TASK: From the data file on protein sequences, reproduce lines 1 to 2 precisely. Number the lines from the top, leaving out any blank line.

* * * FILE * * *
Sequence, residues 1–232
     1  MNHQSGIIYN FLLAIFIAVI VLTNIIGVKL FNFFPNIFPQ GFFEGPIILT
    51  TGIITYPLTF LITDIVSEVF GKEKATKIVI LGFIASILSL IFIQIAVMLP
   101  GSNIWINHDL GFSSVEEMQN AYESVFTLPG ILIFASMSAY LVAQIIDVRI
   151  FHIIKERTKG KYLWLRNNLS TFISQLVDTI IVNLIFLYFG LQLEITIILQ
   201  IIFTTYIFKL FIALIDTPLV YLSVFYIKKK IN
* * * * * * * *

Sequence, residues 1–232
     1  MNHQSGIIYN FLLAIFIAVI VLTNIIGVKL FNFFPNIFPQ GFFEGPIILT